**Remark 4.** Recently, the Differential/Difference LMIs (D/DLMIs) are applied to FTS of linear systems and deterministic hybrid systems [24,25], where necessary and sufficient conditions are derived. However, in this paper, due to the introduction of Markov jumps, P_{i} is a mode-dependent matrix which swifts between different values with the time instant going on. Since the number of modes is finite, P_{i} takes values from a finite set. If Difference Lyapunov functional is adopted, P will be derived by recursive algorithm rather than chosen from a finite set, which makes it hard to introduce the Markov jumps. Therefore in our opinions DLMIs cannot be applied to our current work directly. However, future work will concentrate on FTB issue of the nonlinear system without Markov jumps based on Difference Lyapunov functional such that less conservative criteria can be derived and output feedback control is also accessible.Construct the following function:

where

Q_{i}>0,

α ≥ 1, and

d > 0.

Define

E{

V(

k+1)} =

E{

V(

k+1,

r_{k}_{+1} =

j)|

r_{k} =

i}, then

Since

using the following facts:

we have

According to

**Assumption 1**, the inequality

(8) can be rewritten as follows:

which is equivalent to

where

λ_{il} > 0,

l = 1,⋯,

L.

The above inequality can also be written in the matrix form as follows:

where Λ

_{i} = {

λ_{i}_{1}, ⋯,

λ_{iL}},

H = {

h_{1},⋯,

h_{L}}.

Based on

(20) and

(23), we have

where Ψ = [

x^{T} (

k)

x^{T}(

k−1) ⋯

x^{T} (

k−τ+1)

x^{T} (

k−τ)

ϕ^{T}(ξ(

k ))

w^{T} (

k)]

^{T}.

Since

G_{i} < 0, we have

which implies that

Let

${P}_{i}={R}_{i}^{1/2}{R}_{i}^{-1/2}{P}_{i}{R}_{i}^{-1/2}{R}_{i}^{1/2}$, we have

and let

$\mathrm{\Gamma}={R}_{i}^{1/2}{R}_{i}^{-1/2}\mathrm{\Gamma}{R}_{i}^{-1/2}{R}_{i}^{1/2}$, according to the preconditions of

**Definition 1**,

Based on

(28) and

(29), we derive the following inequality:

i.e.,

According to

(11), we have

By virtue of

(14), we obtain

According to

**Definition 1**, system

(9) is FTB with respect to {

c_{1},

c_{2},

β,

R_{i}, N}. Thus the proof is completed. □

**Theorem 2.** Given 0

≤ c_{1} ≤ ß,c_{2} ≥ 0,

R_{i} > 0,

N ∈

N_{0},

and d >0,

if there exist σ

_{1}^{−}^{1} > 0, σ

_{3}^{−1} > 0, α ≥ 1,

symmetric positive definite matrices P_{i}, Γ,

a set of diagonal positive definite matrices Λ

_{i},

and matrices K_{i} such that the following LMIs hold:wherethen system (9) is said to be FTB with H_{∞} performances,

$\gamma =\sqrt{d}$is called the disturbance attenuation rate.**Proof.** According to the Schur Complement [

26],

${\overline{G}}_{i}<0$is equivalent to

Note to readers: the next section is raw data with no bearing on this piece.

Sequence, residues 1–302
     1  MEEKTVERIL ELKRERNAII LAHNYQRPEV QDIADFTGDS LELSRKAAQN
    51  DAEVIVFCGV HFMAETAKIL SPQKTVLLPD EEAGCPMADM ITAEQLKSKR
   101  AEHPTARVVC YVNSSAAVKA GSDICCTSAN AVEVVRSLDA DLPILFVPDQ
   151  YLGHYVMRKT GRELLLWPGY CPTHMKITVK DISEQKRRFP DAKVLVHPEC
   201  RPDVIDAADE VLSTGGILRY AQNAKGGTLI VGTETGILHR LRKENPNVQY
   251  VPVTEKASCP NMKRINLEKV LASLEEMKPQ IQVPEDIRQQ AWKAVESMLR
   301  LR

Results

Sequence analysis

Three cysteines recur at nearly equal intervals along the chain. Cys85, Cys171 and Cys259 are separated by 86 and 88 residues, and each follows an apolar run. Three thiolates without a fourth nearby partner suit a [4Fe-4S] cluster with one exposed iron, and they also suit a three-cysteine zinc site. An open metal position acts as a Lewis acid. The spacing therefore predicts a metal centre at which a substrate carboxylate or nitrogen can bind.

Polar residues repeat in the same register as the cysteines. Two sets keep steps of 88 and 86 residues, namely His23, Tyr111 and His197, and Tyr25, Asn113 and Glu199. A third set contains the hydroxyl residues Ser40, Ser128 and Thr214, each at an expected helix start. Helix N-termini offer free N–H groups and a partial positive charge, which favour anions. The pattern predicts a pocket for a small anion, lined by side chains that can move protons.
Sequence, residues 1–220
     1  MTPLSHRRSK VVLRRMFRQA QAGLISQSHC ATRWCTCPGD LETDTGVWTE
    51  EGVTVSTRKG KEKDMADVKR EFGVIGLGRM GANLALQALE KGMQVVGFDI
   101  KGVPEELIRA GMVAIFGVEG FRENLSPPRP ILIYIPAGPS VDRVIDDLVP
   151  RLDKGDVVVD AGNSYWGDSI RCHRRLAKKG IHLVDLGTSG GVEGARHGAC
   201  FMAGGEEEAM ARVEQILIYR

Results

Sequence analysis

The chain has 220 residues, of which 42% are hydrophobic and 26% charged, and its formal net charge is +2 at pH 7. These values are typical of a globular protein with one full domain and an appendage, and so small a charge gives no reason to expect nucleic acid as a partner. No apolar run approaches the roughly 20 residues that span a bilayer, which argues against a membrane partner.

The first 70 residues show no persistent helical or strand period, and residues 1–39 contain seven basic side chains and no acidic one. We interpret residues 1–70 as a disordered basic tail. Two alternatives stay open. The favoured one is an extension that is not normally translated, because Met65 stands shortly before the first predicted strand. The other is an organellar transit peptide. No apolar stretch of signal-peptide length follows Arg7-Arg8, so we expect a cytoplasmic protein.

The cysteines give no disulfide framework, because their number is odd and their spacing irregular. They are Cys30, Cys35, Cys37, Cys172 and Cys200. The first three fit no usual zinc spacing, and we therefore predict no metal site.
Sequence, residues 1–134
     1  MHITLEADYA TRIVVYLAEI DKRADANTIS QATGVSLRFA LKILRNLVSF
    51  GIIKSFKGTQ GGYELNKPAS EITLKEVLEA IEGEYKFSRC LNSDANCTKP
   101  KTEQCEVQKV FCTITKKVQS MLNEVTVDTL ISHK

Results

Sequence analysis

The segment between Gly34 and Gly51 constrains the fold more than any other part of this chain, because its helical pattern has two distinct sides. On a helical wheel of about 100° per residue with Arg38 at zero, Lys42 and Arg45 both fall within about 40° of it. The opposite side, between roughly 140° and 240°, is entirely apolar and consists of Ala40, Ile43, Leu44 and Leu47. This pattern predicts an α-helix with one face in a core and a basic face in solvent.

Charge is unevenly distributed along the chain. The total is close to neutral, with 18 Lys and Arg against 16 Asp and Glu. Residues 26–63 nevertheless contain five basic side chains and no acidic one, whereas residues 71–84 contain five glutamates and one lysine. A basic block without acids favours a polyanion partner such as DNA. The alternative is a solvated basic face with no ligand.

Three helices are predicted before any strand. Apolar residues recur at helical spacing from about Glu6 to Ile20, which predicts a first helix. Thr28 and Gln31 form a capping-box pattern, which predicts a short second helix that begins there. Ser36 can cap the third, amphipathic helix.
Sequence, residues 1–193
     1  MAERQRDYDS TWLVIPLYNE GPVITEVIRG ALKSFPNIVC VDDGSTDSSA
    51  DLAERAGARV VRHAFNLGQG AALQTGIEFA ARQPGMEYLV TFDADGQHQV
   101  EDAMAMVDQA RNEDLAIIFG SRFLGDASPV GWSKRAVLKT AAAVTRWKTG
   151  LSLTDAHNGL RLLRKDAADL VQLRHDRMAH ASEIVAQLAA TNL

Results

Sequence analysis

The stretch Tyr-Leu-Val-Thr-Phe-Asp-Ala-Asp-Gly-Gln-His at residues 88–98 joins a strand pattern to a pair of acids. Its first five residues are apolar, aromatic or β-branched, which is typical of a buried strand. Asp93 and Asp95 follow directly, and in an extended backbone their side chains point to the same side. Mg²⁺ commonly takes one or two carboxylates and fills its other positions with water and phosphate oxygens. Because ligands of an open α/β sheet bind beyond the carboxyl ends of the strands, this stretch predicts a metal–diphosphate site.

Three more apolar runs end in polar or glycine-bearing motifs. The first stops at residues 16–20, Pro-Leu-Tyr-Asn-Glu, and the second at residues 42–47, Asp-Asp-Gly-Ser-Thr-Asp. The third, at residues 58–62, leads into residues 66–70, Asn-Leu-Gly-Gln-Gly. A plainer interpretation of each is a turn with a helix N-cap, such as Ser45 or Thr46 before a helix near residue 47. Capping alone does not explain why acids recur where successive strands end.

In

**Theorem 1**, let

Q_{i} =

I, then

G_{i} becomes the principle minor of the left side of

(40). Thus

G_{i} < 0 is derived according to

(40). Together with the conditions

(37)–

(39), it can be concluded that system

(9) is FTB based on

**Theorem 1**. On the other hand, consider the following function:

Consider the sector condition

(23), we derive

Since

${\overline{G}}_{i}<0$, we have

i.e.,

which indicates that

Due to

E{

V(

k)} > 0 and V(0) = 0, we derive

i.e.,

Let

$\gamma =\sqrt{d}$. According to

**Definition 2**, it concludes that system

(9) has

H_{∞} performances with the disturbance attenuation rate

$\gamma =\sqrt{d}$. Thus the proof is completed. □

**Theorem 3**.

Given 0 ≤

c_{1} ≤ ß,

c_{2} ≥ 0,

R_{i} > 0

, N ∈

N_{0},

and d > 0

, if there exist σ

_{1} > 0

, σ_{3} > 0

, α ≥ 1,

symmetric positive definite matrices X_{i},

Y,

a set of diagonal positive definite matrices S_{i},

and matrices W_{i} such that the following LMIs hold:wherethen system (9) is FTB with disturbance attenuation rate$\gamma =\sqrt{d}$.

Furthermore, the feedback controller gains are determined by K_{i} = W_{i}X_{i}^{−1}.

According to the Schur Complement [

26],

(53) is equivalent to

i.e.,

Pre-and-post multiply

$diag\{{P}_{i}^{-1},\underset{\tau}{\underbrace{{\Gamma}^{-1},\cdots ,{\Gamma}^{-1}}},{\Lambda}_{i},I,I,I,I,I,I,\}$ on both sides of

(55), and let

we have

M_{i} < 0 in

(49).

**Remark 5.** If τ = 0

or A_{di} = C_{qdi} = 0

, system (9) becomes a non-delayed system denoted as followsIn this case, H_{∞} FTB controller can still be designed by virtue of the following corollary.

**Corollary 1.** Given 0 ≤

c_{1} ≤

ß,

c_{2} ≥ 0,

R_{i} > 0,

N ∈ N_{0},

and d > 0,

if there exist σ

_{1} > 0

, α ≥ 1,

symmetric positive definite matrices X_{i},

a set of diagonal positive definite matrices S_{i},

and matrices W_{i} such that the following LMIs hold:then system (57) is FTB with disturbance attenuation rate$\gamma =\sqrt{d}$.

Furthermore, the feedback controller gains can still be determined by K_{i} = W_{i}X_{i}^{−1}.